09.23.19 | Sapiens

Yuval Noah Harari certainly doesn't lack for ambition in his book Sapiens -- his work is nothing less than an epic history of human evolution. Our focus article is equally ambitious in that it condenses the essence of this otherwise ten-hour read into a compact one-hour summary (click: Sapiens) Here, in one sitting, you'll be exposed the full panoply of homo sapien development: the brain; cognitive revolution; agricultural revolution; imagined reality; unification of humankind; advent of money; the imperial cycle; religion; scientific revolution; capitalism; industrial revolution; collapse of family. The overview is tight, comprehensive, and eminently readable in the same way a previous discussion article zoomed out and provided the connective tissue in our discussion of the life cycle of empires (MM 7/30/18).

Our goal here goes well beyond the mere understanding and appreciation of what brought the human project to this point. No, what we hope to accomplish in our discussion is to better understand what was behind the massive and fundamental historical transformations which, at the time, might have seemed unimaginable. From that we can be open to possible shifts that may seem unimaginable today. In other words, human history is more than history -- it may be instructive as to what is possible as the breed looks to the future.

The look-back starts with the cognitive revolution. First came some accidental genetic mutation 30-70,000 years ago rewiring the brain to enable Sapiens to think in unprecedented ways and to communicate using a new type of language. The combination led to the human's ability to process and communicate information that was increasingly conceptual. Out of that arose the appearance of fiction, cooperation, and the power of common mythology. Our discussion shall focus on the immense role played by imagined reality.

Estimates set the critical threshold for the necessary "circle of trust" among humans directly to be one hundred and fifty i.e. for tribes smaller than that members could pretty much rely on each other for their continued existence; a larger group of strangers required some sort of imagined reality in order to engage in successful cooperation. Religion is cited as one such unifier to maintain the necessary social stability through a system of human norms and values. As social orders and hierarchies become more fragile with size, the power of religion rested in its appeal to some superhuman abstraction, something beyond the tangible. We previously discussed this in terms of the power of religious fundamentalism which seemed to increase, not diminish, with the absurdity (scientifically speaking) of certain underlying holdings e.g. the universe is but six thousand years old (MM 8/20/18). We may then speculate on the increasing role of modern science, based on empirical observation, to hold the social order i.e. technology becoming an almost quasi-religion.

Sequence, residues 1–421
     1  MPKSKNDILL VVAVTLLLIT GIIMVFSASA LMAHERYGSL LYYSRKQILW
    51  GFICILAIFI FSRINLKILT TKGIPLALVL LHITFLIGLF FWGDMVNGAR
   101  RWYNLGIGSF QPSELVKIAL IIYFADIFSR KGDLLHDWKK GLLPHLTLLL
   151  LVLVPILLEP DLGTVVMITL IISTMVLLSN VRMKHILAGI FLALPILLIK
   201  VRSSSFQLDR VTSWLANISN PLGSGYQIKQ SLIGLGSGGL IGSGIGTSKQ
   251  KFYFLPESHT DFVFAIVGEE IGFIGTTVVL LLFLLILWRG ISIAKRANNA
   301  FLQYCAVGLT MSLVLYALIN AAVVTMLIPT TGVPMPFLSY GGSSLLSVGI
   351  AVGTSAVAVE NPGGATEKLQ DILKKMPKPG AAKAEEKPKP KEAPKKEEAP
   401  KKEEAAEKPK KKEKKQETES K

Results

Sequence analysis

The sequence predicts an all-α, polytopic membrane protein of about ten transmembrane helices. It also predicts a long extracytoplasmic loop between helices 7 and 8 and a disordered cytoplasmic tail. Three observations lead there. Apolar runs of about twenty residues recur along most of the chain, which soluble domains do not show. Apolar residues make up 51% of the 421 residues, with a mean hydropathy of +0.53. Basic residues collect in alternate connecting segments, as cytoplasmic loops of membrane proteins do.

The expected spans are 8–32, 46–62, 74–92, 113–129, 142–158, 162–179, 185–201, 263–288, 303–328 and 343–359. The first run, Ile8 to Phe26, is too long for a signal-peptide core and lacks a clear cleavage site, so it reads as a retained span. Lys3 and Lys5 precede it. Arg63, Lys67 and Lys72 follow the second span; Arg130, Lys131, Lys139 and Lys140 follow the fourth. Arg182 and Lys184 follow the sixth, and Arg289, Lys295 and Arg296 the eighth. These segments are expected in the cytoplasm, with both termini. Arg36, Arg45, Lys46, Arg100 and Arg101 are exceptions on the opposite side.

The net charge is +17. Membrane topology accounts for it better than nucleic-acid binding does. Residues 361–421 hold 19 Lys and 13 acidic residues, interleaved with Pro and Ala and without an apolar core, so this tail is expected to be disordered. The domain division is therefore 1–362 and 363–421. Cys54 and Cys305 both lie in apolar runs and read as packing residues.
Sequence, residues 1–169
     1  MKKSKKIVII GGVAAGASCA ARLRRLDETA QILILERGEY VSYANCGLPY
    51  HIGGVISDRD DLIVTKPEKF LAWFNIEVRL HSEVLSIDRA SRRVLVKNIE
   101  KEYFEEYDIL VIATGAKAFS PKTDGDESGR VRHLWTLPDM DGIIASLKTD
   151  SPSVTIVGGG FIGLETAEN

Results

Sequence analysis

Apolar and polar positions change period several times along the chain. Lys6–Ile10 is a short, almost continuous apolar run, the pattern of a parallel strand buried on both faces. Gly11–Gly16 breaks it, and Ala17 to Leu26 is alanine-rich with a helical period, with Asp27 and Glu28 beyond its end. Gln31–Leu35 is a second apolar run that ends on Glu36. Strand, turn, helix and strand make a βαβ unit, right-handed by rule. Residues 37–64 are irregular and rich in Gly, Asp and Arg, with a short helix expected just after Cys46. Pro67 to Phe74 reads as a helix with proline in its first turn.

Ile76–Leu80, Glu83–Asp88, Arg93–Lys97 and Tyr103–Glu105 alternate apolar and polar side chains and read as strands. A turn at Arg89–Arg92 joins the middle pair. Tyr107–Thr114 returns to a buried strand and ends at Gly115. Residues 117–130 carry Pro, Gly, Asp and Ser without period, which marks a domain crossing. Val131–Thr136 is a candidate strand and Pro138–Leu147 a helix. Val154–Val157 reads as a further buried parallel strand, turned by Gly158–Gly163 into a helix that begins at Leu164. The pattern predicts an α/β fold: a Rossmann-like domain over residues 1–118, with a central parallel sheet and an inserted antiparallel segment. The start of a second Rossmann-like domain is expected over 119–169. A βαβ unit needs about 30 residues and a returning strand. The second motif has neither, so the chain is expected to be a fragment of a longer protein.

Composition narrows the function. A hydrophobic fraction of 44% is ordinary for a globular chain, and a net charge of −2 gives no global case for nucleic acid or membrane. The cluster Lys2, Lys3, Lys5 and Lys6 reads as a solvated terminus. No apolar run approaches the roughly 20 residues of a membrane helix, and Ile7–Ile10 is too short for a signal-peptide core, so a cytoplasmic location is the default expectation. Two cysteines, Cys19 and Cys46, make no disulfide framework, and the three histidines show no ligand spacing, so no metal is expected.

And so it is when it comes to trade, money, and the entire financial system. Barter might work when it's based on the trust inherent in personal relationships. The rise of cities, kingdoms, and commerce dictated a broader basis of trust, a trust based on an abstraction. Money has to be the ultimate (next to religion) psychological construct. View the dollar, indeed the federal reserve, as but an imagined reality (MM 2/4/19). What happens when trust is lost in any fiat (literally: let it be done i.e. edicted) currency? Notice the degree to which so much of America's future is tied to her dollar being the world's reserve currency, an advantage threatened by the fact that we are nearing the end of the hundred year average length of time for any previous world currency (last one being the UK Pound from 1815 to 1920).

Myths usually don't die out on their own but as they are supplanted by a new belief system. Right now we are experiencing what might be described as the myth of romantic consumerism or, to take a line from Fight Club, "We buy (stuff) we don't need, with money we don't have, to impress people we don't like." Perhaps a new ethos will follow. People sniff at the utter unimaginality of movements like the Green New Deal. But, before dismissing too quickly the suggestion of major change, it's good to reflect back on the cited one-time practice of the ancient Egypt elite to spend their fortunes building pyramids and having their corpses mummified rather than engage in what we'd regard today as a shopping spree (imagine a man today addressing a relationship crisis with his wife by building the sumptuous tomb she had always wanted rather than taking her on a spending holiday). The lesson: perhaps we Sapiens are more adaptable and changeable than we thought.

Snobbery itself may be viewed as but an imagined reality. Sebastien Chamfort wrote in the late 17th century of a nameless French gentleman: "A fanatical social climber, observing that all around the Palace of Versailles it stank of urine, told his tenants and servants to come and make water around his chateau."

Steve SmithComment